BERLIN — The World Cup — which kicked off June 9 as Costa Rica took on host Germany — offers the Teutonic nation a unique opportunity to present itself globally while soccer fever grips the country and the airwaves.
Pubcasters ARD and ZDF are sharing free TV rights to 48 of the 64 soccer games including all German ones while paybox Premiere will air the entire World Cup championship — the largest international event ever to take place in the country, even including past Olympics.
For the first time both free and pay TV offerings will be in high definition.
Deutsche Telekom’s T-Mobile also is breaking ground, offering 20 live games plus regular summaries and game wraps in cooperation with Premiere for 3G mobile phone subscribers.
Those subscribers can get the mobile TV service for $2.55 a day, $9.60 a month or even free, depending on their pricing plan. T-Mobile has 30 million customers in Germany, but the total number of 3G devices in use from all carriers is estimated at only 2.5 million.
Demand for mobile TV is not high among Germans, who prefer watching the games on TV. Indeed, there were no buyers here for Internet rights.
Locals, meanwhile, are hoping for a fourth world title after Germany’s last World Cup win in 1990 in Italy.
Director Soenke Wortmann, who captured Germany’s first World Cup victory in 1954 in his 2003 hit “The Miracle of Bern,” has been granted unprecedented access to the matches for a documentary he’s shooting about the German national team.
For Wortmann, a one-time minor-league player with Westfalia Herne, it’s a chance of a lifetime and his third soccer project in what has become a trilogy that began with “The Miracle of Bern” and continued with the recently launched Sat 1 series “Freunde fuer immer — Das Leben ist rund” (Friends for Ever — Life Is Round), about childhood friends who have played in a local club for 20 years.
Broadcasters with no World Cup coverage have given up on staple demos and are going straight for femmes.
Haim Saban’s ProSieben web, normally a platform for male-skewed Hollywood blockbusters, will counterprogram with “Chicago,” “The Hours,” “City of Angels” and “While You Were Sleeping” as well as episodes of “Sex and the City” selected by viewers.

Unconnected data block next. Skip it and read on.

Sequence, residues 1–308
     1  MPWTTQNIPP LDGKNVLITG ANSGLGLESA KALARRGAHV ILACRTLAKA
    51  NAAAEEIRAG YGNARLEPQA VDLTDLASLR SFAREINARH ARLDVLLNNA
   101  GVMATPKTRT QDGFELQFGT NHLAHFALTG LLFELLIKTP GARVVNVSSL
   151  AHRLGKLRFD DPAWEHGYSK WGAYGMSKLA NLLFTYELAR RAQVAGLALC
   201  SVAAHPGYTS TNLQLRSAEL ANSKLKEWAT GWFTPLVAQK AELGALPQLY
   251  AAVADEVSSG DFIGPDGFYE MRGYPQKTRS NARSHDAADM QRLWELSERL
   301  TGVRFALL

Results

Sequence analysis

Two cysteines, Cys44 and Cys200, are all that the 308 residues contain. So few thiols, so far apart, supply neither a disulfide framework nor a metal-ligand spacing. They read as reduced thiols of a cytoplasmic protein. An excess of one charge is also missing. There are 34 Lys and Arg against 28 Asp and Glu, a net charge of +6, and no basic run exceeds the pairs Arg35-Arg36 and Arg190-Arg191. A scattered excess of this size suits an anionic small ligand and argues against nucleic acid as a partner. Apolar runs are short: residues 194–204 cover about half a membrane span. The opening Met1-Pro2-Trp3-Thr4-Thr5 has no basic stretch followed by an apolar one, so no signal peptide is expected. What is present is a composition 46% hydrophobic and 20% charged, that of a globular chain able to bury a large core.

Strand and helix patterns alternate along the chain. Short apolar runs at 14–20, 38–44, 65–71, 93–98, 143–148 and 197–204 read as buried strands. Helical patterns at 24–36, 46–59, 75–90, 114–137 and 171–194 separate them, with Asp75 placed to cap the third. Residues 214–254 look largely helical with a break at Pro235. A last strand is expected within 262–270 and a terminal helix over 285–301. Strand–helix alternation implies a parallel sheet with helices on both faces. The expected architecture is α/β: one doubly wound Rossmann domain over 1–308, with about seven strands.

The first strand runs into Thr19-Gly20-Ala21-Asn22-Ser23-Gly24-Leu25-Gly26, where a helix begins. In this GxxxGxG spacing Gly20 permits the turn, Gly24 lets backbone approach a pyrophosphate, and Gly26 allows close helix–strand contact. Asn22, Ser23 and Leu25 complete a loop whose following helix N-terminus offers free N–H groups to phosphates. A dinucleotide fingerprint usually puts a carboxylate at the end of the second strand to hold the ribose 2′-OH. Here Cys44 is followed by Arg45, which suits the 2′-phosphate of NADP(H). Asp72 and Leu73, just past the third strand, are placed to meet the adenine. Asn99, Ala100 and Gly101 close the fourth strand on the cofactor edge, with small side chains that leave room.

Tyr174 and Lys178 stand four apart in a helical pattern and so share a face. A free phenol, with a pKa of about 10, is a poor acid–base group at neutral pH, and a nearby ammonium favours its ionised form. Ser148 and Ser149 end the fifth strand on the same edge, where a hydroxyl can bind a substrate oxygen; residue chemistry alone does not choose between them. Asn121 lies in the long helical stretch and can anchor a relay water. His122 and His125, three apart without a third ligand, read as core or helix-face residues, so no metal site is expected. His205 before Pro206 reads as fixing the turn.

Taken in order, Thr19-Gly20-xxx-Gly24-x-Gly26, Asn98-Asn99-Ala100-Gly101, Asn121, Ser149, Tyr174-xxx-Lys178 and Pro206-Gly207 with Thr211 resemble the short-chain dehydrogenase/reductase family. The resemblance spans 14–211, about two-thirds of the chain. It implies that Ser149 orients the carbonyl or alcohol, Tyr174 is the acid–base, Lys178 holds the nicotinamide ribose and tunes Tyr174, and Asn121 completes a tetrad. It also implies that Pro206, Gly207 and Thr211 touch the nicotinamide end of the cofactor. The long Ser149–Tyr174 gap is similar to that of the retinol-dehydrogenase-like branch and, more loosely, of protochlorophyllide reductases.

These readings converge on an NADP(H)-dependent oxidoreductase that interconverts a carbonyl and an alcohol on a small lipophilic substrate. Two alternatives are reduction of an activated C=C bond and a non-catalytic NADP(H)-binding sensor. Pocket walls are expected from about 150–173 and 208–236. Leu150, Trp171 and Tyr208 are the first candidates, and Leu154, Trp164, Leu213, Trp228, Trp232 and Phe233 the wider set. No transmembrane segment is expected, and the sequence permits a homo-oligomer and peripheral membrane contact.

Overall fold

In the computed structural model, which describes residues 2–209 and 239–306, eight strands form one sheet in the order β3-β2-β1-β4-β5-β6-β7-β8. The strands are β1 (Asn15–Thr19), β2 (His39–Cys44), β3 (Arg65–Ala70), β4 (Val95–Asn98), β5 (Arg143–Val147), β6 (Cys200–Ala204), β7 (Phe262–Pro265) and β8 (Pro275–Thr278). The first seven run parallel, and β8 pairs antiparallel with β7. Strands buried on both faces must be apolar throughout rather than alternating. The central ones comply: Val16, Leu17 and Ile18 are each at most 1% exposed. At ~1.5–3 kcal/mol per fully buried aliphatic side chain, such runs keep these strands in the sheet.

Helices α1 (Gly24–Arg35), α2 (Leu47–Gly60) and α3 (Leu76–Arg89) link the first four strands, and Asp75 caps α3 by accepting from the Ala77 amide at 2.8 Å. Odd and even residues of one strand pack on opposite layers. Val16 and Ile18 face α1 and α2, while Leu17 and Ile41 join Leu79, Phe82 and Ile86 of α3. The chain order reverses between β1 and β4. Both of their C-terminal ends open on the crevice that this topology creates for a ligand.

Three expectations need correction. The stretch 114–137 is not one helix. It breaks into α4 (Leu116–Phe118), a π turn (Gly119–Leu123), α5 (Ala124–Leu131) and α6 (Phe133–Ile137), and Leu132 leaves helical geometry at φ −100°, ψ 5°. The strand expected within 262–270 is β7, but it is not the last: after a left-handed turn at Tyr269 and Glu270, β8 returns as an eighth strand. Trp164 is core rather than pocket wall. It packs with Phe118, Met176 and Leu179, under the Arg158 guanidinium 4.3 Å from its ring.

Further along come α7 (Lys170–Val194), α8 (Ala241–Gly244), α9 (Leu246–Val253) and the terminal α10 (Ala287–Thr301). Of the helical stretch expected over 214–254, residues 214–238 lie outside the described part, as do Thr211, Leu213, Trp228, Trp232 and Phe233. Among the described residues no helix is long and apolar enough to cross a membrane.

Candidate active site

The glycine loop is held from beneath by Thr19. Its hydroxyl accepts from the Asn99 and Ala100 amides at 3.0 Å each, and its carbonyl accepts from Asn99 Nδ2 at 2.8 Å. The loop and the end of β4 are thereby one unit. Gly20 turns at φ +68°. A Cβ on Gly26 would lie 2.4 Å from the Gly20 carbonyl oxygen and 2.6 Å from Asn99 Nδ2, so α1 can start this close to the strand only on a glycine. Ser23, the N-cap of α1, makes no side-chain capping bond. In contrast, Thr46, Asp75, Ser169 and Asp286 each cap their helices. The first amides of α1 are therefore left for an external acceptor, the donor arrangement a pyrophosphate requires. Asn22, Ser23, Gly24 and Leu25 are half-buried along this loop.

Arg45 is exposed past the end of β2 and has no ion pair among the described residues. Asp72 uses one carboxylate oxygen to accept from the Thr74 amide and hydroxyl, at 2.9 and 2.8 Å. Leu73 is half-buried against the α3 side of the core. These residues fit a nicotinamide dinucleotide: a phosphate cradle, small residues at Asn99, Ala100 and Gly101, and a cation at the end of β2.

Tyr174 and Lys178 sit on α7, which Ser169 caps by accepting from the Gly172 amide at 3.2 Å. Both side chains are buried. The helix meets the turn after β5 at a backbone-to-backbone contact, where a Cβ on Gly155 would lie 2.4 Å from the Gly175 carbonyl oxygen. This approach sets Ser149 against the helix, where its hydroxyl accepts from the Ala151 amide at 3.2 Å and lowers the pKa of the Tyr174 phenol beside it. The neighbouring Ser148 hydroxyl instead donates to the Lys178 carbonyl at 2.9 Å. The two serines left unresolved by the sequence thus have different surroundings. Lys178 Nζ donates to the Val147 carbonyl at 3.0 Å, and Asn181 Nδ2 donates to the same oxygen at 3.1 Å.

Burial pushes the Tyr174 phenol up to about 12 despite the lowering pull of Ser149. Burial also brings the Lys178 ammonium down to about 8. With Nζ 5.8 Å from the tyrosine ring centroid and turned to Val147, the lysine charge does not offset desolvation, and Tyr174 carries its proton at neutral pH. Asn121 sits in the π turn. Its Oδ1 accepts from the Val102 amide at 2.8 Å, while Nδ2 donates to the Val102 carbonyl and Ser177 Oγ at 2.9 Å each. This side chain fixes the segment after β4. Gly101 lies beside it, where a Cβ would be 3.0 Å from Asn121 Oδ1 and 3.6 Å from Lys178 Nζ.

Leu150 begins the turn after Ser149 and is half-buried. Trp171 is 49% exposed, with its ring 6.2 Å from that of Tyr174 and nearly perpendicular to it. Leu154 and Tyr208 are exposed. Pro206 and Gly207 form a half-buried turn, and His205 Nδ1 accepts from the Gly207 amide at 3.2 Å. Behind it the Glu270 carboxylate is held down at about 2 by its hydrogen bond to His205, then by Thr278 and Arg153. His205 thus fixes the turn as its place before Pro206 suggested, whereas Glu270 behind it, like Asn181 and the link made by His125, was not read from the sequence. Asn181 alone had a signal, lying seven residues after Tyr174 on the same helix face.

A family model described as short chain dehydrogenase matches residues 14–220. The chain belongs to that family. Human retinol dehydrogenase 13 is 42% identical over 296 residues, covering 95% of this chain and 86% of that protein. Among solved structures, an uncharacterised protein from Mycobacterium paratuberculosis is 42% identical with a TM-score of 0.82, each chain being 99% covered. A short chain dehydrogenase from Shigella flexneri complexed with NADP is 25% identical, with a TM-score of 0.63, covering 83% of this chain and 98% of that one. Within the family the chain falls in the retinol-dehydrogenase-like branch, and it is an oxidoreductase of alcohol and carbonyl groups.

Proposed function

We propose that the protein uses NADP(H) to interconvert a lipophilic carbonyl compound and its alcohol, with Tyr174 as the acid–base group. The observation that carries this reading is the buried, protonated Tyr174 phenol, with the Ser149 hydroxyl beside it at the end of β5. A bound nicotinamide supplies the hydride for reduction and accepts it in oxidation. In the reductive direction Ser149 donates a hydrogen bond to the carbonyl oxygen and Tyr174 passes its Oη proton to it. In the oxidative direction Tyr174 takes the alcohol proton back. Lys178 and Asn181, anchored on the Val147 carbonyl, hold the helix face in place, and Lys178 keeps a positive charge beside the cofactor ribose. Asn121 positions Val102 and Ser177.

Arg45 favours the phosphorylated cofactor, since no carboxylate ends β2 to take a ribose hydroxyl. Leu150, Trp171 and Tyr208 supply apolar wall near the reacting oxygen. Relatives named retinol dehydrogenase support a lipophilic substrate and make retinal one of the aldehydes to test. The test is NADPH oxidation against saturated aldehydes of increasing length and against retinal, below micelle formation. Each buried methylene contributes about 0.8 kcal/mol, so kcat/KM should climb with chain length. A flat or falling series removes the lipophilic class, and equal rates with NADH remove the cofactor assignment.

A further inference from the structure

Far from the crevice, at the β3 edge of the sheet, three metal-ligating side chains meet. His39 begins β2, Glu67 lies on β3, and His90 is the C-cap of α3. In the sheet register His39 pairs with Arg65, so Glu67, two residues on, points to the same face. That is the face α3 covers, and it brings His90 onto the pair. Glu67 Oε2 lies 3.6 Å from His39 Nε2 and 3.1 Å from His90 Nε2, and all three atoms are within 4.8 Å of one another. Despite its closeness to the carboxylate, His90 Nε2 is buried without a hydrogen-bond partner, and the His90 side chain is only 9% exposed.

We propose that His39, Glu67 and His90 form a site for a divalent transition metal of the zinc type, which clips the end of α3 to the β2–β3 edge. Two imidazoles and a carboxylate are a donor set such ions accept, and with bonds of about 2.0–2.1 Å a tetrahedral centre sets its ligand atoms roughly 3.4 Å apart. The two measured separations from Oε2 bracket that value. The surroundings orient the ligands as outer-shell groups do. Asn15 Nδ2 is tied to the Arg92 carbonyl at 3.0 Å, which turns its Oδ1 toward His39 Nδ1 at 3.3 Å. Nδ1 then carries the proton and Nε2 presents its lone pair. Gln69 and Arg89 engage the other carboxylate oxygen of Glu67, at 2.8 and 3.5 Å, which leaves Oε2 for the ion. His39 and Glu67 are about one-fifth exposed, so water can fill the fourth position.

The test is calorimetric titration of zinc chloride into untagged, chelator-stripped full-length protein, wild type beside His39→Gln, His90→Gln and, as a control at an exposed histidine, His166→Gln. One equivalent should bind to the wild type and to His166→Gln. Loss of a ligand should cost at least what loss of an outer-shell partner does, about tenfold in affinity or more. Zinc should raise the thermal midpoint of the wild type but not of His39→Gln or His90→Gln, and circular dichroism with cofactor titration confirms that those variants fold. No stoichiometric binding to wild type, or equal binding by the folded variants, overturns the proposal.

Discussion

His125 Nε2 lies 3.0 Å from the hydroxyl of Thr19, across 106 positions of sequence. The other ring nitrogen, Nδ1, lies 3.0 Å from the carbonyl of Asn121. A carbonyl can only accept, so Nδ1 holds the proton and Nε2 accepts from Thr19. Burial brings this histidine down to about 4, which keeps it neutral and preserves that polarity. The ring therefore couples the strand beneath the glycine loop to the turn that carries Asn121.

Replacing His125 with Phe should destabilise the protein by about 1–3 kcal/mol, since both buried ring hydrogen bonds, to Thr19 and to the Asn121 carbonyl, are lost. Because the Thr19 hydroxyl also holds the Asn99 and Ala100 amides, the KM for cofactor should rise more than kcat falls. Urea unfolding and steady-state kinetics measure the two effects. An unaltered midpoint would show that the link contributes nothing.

For soccer fans, the games are best seen with a crowd. Across the country, throngs are gathering to watch televised games in movie theaters, outdoor venues, parks, bars and even in churches. In Cologne, a giant screen has been set up next to the city’s 1,000-year-old cathedral.
In front of Berlin’s Reichstag parliament building, Adidas has erected a mini-World Cup stadium, where up to 10,000 spectators can watch their national teams on giant-sized video screens.
At the nearby Brandenburg Gate, the World Cup has been transformed into a beer-and-sausage carnival extravaganza, where musical acts Simple Minds and Ronan Keating took to the stage at the June 7 kickoff party.
The $900 million sponsorship and advertising blitz accompanying the World Cup includes 15 main sponsors, ranging from Gillette, Toshiba and Philips to Yahoo!, McDonald’s and even Budweiser (which has beer-loving Teutons peeved at having to settle for American product in the stadiums, where beloved local brew is strictly verboten.)
The event presents one of the biggest security challenges the country has faced in 50 years.
The threat of terrorism tops the security agenda while neo-Nazis demonstrations, racial attacks and soccer hooliganism also remain grave concerns.
The presence of Iran, skedded to face Mexico in Nuremberg on June 11, has increased worries of a public show of support by neo-Nazis for Iranian President Mahmoud Ahmadinejad’s anti-Israeli posturing and his controversial comments about the Holocaust.
And in Cologne, a brothel advertising its services with a World Cup-themed banner — adorned with international colors and a semi-naked woman — blacked out the flags of Iran and Saudi Arabia after threats from alleged Muslims.